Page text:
TY GREENLEES / STAFF
Photo: Ty Greenlees
Photo: Ty Greenlees

New Wright-Patt jobs unlikely to be impacted by F-35 jet cost issues

Concerns about the costs of the F-35 aircraft in Congress should not impact hundreds of jobs expected to come to Wright-Patterson Air Force Base as part of a program to manage the advanced fighter jet, a local leader said.

The F-35 is the country’s most expensive weapons system, with projected operating costs of more than $1 trillion, according to a report out last week from the Government Accountability Office. A shortage of parts, repair backlogs and mismatched parts have also kept many F-35 jets grounded, with nearly 30 percent unable to fly 30 percent of the time from May through November 2018, the GAO reports.

“It is a program that requires a significant amount of funding but also has significant impact to the readiness of the military,” said Maurice “Mo” McDonald, executive vice president of aerospace and defense for the Dayton Development Coalition. “I am confident that the Department of Defense will figure out the best way to sustain this aircraft in the future.”

The F-35 program is in the midst of a $10.5-billion modernization effort that will run through fiscal year 2024, according to the GAO.

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U.S. Senators Rob Portman, R-Ohio, and Sherrod Brown, D-Ohio and U.S. Rep. Mike Turner, R-Dayton, in December announced that the Pentagon has decided to locate the F-35 Hybrid Product Support Integrator Organization at Wright-Patt. The program could bring at least 400 jobs to the base.

So far, there have been “no signs” that number will change McDonald said. A Wright-Patt spokesman declined to comment on the F-35 issues because it’s being debated by Congress.

“The health of the F-35 program is important to Wright-Patterson and the people of Ohio and I will continue to do everything I can to support this program,” Portman said in a prepared statement.

The current F-35 HPSI organization was established in Crystal City, Virginia, at the F-35 Joint Program Office. HPSI supports a global fleet of more than 340 aircraft and when it moves to its new location at Wright-Patt it will be led by the Air Force with a workforce from the Air Force, Navy, Marine Corps, international partners and industry. The organization will be directly accountable to the product support manager within the F-35 Joint Program Office.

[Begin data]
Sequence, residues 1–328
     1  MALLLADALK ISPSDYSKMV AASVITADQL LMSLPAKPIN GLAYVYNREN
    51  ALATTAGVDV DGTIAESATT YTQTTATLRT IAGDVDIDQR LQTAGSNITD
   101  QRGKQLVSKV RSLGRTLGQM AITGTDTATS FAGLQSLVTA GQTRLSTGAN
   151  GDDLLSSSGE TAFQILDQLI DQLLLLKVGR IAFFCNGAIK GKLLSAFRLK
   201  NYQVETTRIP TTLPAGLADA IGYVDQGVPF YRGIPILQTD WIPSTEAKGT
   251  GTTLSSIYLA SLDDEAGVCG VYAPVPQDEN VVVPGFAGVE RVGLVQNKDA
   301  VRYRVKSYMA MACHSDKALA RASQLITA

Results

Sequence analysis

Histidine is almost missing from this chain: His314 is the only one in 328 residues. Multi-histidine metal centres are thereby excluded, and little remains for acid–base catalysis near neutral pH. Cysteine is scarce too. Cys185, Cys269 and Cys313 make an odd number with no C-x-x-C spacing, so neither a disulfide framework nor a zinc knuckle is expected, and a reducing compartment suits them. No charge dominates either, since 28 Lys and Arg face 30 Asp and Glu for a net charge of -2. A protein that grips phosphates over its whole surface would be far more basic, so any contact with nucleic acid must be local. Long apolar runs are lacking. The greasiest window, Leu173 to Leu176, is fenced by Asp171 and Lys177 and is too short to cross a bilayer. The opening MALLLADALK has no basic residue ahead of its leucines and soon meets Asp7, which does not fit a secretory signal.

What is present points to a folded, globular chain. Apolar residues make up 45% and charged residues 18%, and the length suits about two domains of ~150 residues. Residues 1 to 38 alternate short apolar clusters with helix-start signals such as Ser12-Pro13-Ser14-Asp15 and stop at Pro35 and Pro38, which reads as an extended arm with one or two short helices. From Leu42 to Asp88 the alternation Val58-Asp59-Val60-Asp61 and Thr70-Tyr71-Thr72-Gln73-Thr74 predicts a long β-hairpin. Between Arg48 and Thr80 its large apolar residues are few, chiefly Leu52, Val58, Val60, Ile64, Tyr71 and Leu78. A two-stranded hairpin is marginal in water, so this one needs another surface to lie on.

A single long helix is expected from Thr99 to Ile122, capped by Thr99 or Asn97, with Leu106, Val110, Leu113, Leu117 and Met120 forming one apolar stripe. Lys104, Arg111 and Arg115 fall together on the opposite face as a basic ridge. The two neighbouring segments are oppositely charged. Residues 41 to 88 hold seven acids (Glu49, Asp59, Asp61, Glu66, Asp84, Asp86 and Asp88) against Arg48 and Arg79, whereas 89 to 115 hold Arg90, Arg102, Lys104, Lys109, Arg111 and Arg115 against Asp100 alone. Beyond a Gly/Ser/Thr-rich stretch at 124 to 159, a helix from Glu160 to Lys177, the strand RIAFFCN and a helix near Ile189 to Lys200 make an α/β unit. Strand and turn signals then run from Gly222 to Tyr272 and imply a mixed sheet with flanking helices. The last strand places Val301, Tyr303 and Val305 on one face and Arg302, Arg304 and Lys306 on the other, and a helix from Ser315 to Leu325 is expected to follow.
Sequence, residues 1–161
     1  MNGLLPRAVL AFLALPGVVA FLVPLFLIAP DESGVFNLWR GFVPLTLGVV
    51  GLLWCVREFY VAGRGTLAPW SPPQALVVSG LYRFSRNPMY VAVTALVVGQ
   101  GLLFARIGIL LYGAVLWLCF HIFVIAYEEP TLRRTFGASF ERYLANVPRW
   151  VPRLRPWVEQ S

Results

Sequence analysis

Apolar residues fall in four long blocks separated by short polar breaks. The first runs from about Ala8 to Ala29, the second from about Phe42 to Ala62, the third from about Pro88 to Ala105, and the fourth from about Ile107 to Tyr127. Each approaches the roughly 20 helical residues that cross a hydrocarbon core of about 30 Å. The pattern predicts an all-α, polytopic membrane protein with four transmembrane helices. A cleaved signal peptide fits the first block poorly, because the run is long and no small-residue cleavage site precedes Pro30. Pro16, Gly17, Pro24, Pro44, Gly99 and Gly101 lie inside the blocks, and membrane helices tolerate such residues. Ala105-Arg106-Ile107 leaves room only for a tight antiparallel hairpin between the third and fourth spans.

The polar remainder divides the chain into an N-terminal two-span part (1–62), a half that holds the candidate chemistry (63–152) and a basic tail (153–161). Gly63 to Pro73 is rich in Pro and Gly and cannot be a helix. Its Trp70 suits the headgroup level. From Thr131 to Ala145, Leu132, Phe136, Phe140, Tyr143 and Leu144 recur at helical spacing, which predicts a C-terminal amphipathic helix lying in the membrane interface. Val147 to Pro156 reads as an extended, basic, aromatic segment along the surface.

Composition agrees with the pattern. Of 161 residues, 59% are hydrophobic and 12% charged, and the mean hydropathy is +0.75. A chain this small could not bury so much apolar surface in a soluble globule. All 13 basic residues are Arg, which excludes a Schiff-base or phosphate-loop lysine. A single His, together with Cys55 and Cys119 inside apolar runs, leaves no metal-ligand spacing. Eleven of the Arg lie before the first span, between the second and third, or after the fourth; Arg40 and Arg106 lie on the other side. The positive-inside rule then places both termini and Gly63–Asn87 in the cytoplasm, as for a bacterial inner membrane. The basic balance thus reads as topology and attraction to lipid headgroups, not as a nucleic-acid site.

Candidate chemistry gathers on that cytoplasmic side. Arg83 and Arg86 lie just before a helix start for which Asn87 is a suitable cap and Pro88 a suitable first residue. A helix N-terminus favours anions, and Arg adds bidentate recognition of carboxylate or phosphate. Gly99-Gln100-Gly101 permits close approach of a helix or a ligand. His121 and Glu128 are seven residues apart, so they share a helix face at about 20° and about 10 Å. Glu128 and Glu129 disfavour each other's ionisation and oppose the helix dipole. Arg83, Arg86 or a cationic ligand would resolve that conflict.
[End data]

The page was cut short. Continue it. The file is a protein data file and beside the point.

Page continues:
The Air Force is conducting the requisite environmental analysis and the final basing decision will be confirmed by the Secretary of the Air Force Heather Wilson after the analysis is complete.

The F-35 HPSI’s primary role is to integrate support across the supply chain, maintenance, sustainment engineering, logistics information technology and training disciplines. It will deliver support for fielded F-35s while preparing for future force expansion.

Wright-Patt currently has an F-35 technical division office. The Air Force Materiel Command and the Life Cycle Management Center are also both based at Wright-Patt.

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“Today at an Armed Services hearing, I urged DoD to increase its F-35 procurement to secure air superiority for the U.S. and its allies, as well as decrease long-term aircraft sustainment costs,” Turner said Thursday. “These positive impacts are now being felt locally.”

Analysis have told the Dayton Daily News the F-35 program will have a long-term impact on the base.

“The F-35 is going to be the most widely used fighter in the world for the next 30 years,” said Loren Thompson, a senior defense analyst with the Virginia-based Lexington Institute. “That means this is a franchise that goes on forever for the workforce at Wright-Patterson.”

The Air Force conducted its first combat mission using its variation of the F-35 jet this week, according to a release from Air Force Central Command. Two F-35As conducted an air strike Wednesday in Wadi Ashai, Iraq to hit a tunnel network and weapons cache in the Hamrin Mountains, according to central command.

The same day as the strike, a group of more than 100 retired military officers sent a letter to congress urging legislators not to cut funding for the aircraft.

In the letter, officers wrote that the F-35 is needed to counter the advancing “military edge” of both Russia and China. The F-35 is the “most advanced fighter” and it’s of “unequivocal importance” the Pentagon provide the best equipment it can for service members, the letter states.

“The F-35 program is an important national security tool and I’m confident Wright-Patt’s workforce will continue to strengthen and improve the program,” Brown said in a prepared statement. “At the same time, the Department of Defense needs to address the problems outlined in the GAO report, fix the underlying issues and make sure that taxpayer dollars are being used efficiently and effectively.”

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